In the context of Islamic Finance, does one have a right under the Indian Constitution to receive financial services that are compliant with their religious practices?
Before answering this question, a few things need to be put into perspective.
- In light of the global success of the Islamic Finance Industry, there is no doubt that there are legitimate financial products that can be introduced in India. Many banks are in fact ready to deploy such instruments in India as soon as legal barriers are removed
- A large number of people in our country are excluded from financial services like banking (as documented by the report of the Sachaar Committee), which is a key factor for development amongst the poor. Credit leads to growth of entrepreneurship. However, the question is, if there are religious barriers to these people who are against entering into transactions involving charging of interest, and there are non-interest based (and thus sharia compliant) financial products which are viable and found to be stable and profitable around the world, is there any rational in not offering the same in India too? None that I can see, and none that the Government of India offers as reason.
- Is offering such a banking product against secularity? We have adopted the free market in India – and the underlying principle of that market is that demand and supply determines whether a product should exist or not. Everything depends on freedom of choice. As long as there is no significant externality (negative side effects on people other than buyer and seller of the product) or some other kind of market failures (monopoly, asymmetric information etc) the government should not interfere with the free market. In this case, existing laws made by the government to regulate banks prevent them from undertaking Islamic banking products. This is a question of free market economy as much as it is of religious preference.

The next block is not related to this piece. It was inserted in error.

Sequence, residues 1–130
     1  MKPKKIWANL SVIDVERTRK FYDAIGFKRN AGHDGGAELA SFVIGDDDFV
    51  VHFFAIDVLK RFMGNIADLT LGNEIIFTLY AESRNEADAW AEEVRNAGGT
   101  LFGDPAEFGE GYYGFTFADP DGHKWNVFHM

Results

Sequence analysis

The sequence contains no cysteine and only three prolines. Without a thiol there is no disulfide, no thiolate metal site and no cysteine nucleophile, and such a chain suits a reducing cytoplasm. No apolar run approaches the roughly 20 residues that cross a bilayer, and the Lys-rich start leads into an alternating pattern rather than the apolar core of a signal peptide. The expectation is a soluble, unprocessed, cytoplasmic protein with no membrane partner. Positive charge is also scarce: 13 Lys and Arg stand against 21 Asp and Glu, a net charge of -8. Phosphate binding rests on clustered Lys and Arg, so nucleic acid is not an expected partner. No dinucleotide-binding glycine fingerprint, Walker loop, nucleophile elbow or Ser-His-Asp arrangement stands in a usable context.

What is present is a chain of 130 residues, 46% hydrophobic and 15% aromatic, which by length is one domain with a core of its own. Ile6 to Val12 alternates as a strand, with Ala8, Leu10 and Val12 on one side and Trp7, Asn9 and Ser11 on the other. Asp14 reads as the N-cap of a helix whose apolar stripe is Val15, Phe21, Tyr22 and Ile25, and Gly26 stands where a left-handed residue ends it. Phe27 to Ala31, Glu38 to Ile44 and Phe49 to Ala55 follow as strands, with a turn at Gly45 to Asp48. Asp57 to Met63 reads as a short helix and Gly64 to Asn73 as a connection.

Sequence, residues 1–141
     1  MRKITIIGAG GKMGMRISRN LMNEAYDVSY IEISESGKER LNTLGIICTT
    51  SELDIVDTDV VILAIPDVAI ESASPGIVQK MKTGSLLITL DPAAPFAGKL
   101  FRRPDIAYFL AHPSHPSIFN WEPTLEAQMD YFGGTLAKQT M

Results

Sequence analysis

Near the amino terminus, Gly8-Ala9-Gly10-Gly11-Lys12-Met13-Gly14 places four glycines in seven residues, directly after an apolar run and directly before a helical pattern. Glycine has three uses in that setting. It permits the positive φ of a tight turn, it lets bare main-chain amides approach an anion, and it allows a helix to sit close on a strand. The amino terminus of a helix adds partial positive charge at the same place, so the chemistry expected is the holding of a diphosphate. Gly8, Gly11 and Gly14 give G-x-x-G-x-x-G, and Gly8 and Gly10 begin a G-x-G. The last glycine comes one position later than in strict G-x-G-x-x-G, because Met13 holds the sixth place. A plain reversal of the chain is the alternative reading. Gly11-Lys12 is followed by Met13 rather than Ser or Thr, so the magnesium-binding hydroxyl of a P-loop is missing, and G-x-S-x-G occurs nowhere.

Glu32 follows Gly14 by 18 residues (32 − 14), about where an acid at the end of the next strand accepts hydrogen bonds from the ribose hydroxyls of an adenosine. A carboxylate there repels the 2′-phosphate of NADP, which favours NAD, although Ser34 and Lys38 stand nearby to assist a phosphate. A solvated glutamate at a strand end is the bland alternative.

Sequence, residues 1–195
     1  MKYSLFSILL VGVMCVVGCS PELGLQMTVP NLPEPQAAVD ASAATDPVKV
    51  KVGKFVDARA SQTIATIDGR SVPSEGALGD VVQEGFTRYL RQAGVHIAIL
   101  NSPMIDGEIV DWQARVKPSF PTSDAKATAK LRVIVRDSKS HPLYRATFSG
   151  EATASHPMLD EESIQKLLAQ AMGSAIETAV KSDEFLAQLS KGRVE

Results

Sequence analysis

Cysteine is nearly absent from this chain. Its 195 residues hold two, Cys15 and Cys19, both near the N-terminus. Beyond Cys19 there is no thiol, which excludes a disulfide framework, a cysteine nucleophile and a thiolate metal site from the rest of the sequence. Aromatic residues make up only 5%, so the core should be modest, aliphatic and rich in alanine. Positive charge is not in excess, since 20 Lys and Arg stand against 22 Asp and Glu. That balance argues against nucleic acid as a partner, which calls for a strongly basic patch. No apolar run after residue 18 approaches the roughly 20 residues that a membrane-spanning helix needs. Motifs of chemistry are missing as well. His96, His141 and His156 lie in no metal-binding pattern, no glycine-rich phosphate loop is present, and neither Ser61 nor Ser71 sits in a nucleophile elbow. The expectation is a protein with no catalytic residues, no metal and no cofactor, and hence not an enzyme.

Right to Islamic Finance under the Constitution
Under the Indian Constitution, right to development has been recognized as a Fundamental Right under Article 21. Access to a credit system and financial services is a very important ingredient of development. While it is possible to argue that the Muslims who does not participate due to the prohibitions in their faith are not excluded by the government by their own preference, it is prima facie faulty argument. The question is not whether Muslims should participate in the regular interest based banking system. The question is whether a viable and credible credit system which is in compliance with their faith, on that they want to access can be arbitrarily (arbitrarily, since no good reason is offered for the same) barred from developing.
Politically, this is a very strange action on part of the ruling party which claims to be pro-Muslim interest.
Legal recourse to legalize Islamic Banking and Finance in India:
The best way to deal with this seems to be taking up the matter up through a writ before High Courts and the Supreme Court, since effectively barring Islamic Finance through regulations amount to violation of Right to Equality (arbitrariness), Right to Practice a Religion (since following religious tenet is resulting in financial exclusion) and Right to Life. Most importantly, once the case is admitted and notice is issued to the Government, they will need to take a stand on the matter. The Government will find it very difficult to take an anti-islamic finance stand in the matter and hopefully the process will thus be expedited.